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~ Hazel Harps On

Making it Better

January 8, 2018

Sorry. I’m late. Not only for the New Month but also for the New Year. I accept no responsibility whatsoever. I blame it all on the flu. What an evil ogre it’s been! Shivers and sweats, weakness, aching muscles, depression…the works. Our fridge is still stuffed with post-Christmas goodies that neither of us have the appetite to eat, subsisting instead on a diet of lemon, honey and paracetamol. The nights are interrupted by bouts of unstoppable bronchial coughing. Even Purrsy is traumatised with all these noisy explosions that rock the bed and interrupt his beauty sleep.

 

How irritating it is to be so ill, especially when it goes on. And on. And on. I mean, what a waste of life! And how dare this flu have the cheek to strike when everything was going so well! When the harp-playing has met with such success and the novel-writing… well, I’m having to pinch myself a lot because it’s looking like my wildest dreams are coming true.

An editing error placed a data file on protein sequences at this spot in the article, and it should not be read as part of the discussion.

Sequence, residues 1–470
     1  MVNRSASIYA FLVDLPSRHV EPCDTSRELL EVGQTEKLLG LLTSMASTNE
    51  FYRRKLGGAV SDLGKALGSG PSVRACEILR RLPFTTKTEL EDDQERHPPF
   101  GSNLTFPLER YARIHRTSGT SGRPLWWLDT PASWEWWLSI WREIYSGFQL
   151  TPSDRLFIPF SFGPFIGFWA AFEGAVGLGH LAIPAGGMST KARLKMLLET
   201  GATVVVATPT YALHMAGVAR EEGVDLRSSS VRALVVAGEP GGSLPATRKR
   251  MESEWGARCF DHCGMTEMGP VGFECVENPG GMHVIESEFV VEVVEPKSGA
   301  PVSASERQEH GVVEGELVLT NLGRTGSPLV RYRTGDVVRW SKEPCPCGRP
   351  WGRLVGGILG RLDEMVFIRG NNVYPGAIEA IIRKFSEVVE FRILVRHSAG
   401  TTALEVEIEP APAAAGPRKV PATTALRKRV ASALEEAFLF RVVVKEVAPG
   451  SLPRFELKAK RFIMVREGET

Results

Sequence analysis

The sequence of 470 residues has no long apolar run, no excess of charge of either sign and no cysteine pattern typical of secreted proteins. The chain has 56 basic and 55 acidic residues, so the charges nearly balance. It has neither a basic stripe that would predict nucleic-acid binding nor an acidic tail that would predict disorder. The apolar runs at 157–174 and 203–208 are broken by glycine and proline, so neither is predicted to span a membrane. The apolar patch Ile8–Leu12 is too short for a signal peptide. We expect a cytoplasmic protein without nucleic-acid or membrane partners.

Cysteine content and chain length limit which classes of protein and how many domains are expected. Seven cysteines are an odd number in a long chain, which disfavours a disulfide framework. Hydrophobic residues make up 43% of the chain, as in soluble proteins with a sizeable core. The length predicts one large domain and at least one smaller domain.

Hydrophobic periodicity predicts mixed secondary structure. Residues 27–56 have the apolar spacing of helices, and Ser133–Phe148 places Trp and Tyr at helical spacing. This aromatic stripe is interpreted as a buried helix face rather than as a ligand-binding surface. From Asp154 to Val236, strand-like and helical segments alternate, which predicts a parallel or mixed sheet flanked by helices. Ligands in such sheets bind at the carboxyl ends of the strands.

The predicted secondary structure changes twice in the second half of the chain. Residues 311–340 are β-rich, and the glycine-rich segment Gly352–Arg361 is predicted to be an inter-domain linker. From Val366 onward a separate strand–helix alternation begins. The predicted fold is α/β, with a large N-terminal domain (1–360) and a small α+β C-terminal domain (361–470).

This was my diary from last year. When I bought the diary I needed that message on the cover quite badly. And good things DID happen. Some bad things happened too, of course. But being a writer is quite handy in that every bad thing counts as research. You keep on learning about human nature. You keep gathering insights which might well feed into the next story. Nothing is wasted. Maybe even the flu has its own little message to give.

 

My ultra-pathetic, flu-filled self was reading a very well-written and excellent novel last week… but I had to stop. It was just too depressing. The cruelty of some of the fictional characters really got to me. And I made this decision: Never, never will I seek to harrow my readers in this way. It’s easy to upset people and there are enough horrors going on in the world as it is. Novels are read by people who are ill, people who are grieving, people who crave, for whatever reason, to get away from their own lives for a bit. What we need is the hopeful and the uplifting. Apparently there is now a fashion for ‘up-lit’ and I’m glad it coincides with my own feelings about this. Of course, we don’t want to read frothy and inane books – you have to have struggles to make a story. But if you can come away from a book feeling better, what a gift that is!

 

So perhaps I do have a New Year’s Resolution after all: to really use that writing and music for the good; in the Beatles' words, to ‘take a sad song and make it better.’ No matter what else happens.

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